So, I am basically living out of a backpack, which after a few years is getting somewhat tiring, I have to admit. I’ve started looking for affordable apartments and am ready to settle down – for a few years at least.
      I’ve seen and experienced so much, I need some quiet time to write everything down. Speaking of World War I, for example, as we did, I went to Ypres and the area three years ago, and I still haven’t found the time to write about it. :/

    • Well, World War 2 is my strong suit, but I’d be glad to give you whatever help I could, including proofreading. Did you go to the medieval city gate and hear them play “Last Post”? That’s something I would love to witness first hand. There’s a fairly accurate film about WW1 called “The Wipers Times”. While the main story is a bit weak (though supposedly true), the”set” stuff – costumes, secondary character behaviour, and so on – are pretty spot-on. It obviously focuses on the Brits, but I’d recommend it as one of the better efforts. “1917” is also fairly technically accurate. Suggestions for you on a long train ride. :)

      And who knows, if you get the desire to see somewhere (mostly) naturally unspoiled and cold, maybe I could get you to fly to Alaska and visit the islands the Japanese invaded in WW2. I try to carry forward little-known campaigns like the Aleutians (only North American territories fought over in WW2), Gallipoli (little known outside ANZAC circles) and my pet project, Dieppe from WW2. I met some vets from the Royal Hamilton Light Infantry (who participated) when visiting Hamilton in Ontario, and they were so impressed a Yank drove “all the way” from Chicago to see them, they took ME out to lunch! I love Canadians, they’re like Americans but with manners, common sense, and an appreciation for their history.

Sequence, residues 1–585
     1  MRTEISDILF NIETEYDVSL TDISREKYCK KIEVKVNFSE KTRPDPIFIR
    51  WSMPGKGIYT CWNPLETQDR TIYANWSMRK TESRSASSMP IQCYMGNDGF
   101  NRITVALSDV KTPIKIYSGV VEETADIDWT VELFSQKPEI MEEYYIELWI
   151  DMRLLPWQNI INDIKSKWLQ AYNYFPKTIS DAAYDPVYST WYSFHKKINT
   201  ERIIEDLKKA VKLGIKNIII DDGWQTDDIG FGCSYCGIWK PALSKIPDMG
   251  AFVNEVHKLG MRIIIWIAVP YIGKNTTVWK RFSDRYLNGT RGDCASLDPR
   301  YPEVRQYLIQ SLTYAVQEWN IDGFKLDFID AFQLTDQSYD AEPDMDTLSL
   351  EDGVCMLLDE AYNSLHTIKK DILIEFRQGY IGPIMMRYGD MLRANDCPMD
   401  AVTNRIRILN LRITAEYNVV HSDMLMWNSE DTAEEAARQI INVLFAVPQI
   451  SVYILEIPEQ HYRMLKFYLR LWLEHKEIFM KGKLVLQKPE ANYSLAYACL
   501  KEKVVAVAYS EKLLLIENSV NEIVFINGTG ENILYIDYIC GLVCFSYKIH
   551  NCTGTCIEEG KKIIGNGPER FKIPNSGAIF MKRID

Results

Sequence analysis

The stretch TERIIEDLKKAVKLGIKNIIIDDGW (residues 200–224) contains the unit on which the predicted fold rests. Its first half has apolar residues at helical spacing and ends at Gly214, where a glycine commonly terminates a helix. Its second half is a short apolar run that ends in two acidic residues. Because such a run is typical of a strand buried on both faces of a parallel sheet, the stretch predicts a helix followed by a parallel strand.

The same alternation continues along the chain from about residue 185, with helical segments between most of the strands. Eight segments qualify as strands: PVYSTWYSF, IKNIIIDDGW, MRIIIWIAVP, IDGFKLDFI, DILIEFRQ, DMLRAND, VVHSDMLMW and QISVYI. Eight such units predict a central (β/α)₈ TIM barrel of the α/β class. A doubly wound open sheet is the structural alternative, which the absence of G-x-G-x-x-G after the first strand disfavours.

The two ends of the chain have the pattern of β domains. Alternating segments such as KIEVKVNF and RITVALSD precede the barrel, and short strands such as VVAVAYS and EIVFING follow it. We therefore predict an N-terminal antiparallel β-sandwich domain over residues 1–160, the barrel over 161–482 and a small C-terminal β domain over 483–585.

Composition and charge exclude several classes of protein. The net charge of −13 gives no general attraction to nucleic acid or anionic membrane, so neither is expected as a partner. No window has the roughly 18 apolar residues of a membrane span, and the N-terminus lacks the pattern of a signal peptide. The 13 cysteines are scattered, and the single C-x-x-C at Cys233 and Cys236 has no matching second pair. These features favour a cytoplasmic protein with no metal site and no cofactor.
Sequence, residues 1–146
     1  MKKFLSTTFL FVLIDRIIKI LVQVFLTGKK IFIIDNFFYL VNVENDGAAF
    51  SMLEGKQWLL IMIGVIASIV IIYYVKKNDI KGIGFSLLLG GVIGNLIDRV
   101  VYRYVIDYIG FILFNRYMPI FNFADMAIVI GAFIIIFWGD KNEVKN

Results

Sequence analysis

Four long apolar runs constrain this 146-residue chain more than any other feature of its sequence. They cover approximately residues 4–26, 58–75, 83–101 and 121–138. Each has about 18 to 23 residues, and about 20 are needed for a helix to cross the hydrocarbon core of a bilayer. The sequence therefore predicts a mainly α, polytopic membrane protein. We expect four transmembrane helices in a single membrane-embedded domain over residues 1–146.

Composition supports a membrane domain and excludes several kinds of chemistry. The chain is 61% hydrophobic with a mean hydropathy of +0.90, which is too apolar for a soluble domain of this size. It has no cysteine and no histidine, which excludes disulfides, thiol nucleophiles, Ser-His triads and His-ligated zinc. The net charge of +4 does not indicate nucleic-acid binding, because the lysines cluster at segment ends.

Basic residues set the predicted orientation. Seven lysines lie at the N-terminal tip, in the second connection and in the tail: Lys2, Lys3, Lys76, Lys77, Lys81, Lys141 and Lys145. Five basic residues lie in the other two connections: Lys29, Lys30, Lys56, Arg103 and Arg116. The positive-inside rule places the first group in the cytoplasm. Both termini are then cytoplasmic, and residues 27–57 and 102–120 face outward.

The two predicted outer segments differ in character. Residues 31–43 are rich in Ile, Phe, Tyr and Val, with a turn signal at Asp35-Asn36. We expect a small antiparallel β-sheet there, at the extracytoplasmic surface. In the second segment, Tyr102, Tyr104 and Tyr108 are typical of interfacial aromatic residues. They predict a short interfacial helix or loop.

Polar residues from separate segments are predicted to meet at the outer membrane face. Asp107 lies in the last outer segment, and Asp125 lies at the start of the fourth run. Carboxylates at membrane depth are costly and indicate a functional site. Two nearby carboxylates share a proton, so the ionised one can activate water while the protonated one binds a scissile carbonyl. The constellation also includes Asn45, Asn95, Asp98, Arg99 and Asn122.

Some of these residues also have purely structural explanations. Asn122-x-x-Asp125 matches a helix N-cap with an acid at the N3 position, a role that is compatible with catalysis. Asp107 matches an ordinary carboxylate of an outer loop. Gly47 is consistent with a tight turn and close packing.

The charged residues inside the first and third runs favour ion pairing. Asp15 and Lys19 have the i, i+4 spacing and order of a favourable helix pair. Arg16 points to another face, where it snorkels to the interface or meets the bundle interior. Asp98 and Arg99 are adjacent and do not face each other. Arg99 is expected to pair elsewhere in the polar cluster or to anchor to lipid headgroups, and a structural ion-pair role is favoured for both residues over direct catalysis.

Whoops, sorry, I’m babbling again. Anything I can help you with, just drop me a … note? … and I’ll do what I can.

      Hope you’re having a Merry (and warm) Christmas! (It’s 8 degrees Fahrenheit here as of this post, a heat wave compared to yesterday!) Until anon.

    • Oh yes, I did get to see the “Last Post” on several evenings. Quite impressive, especially that the locals stop the traffic through one of the main gates to the city for about 30 minutes every evening.

      On a long train ride, I prefer books, though. Or talking to fellow passengers, because it makes for better stories. (See my Canada-by-train trilogy.)

      I am so behind with my writing, I will probably have to stop publishing English translations of my long articles, sadly. :-(
      But I just can’t write everything twice, and I do write much better and more creative in German, of course. So, it may be that from next year on, I will restrict my English blog to photos and refer those interested in the stories to my German blog. People use online translations anyway, whether I like it or not. (I don’t, but I admit that it’s better than nothing.)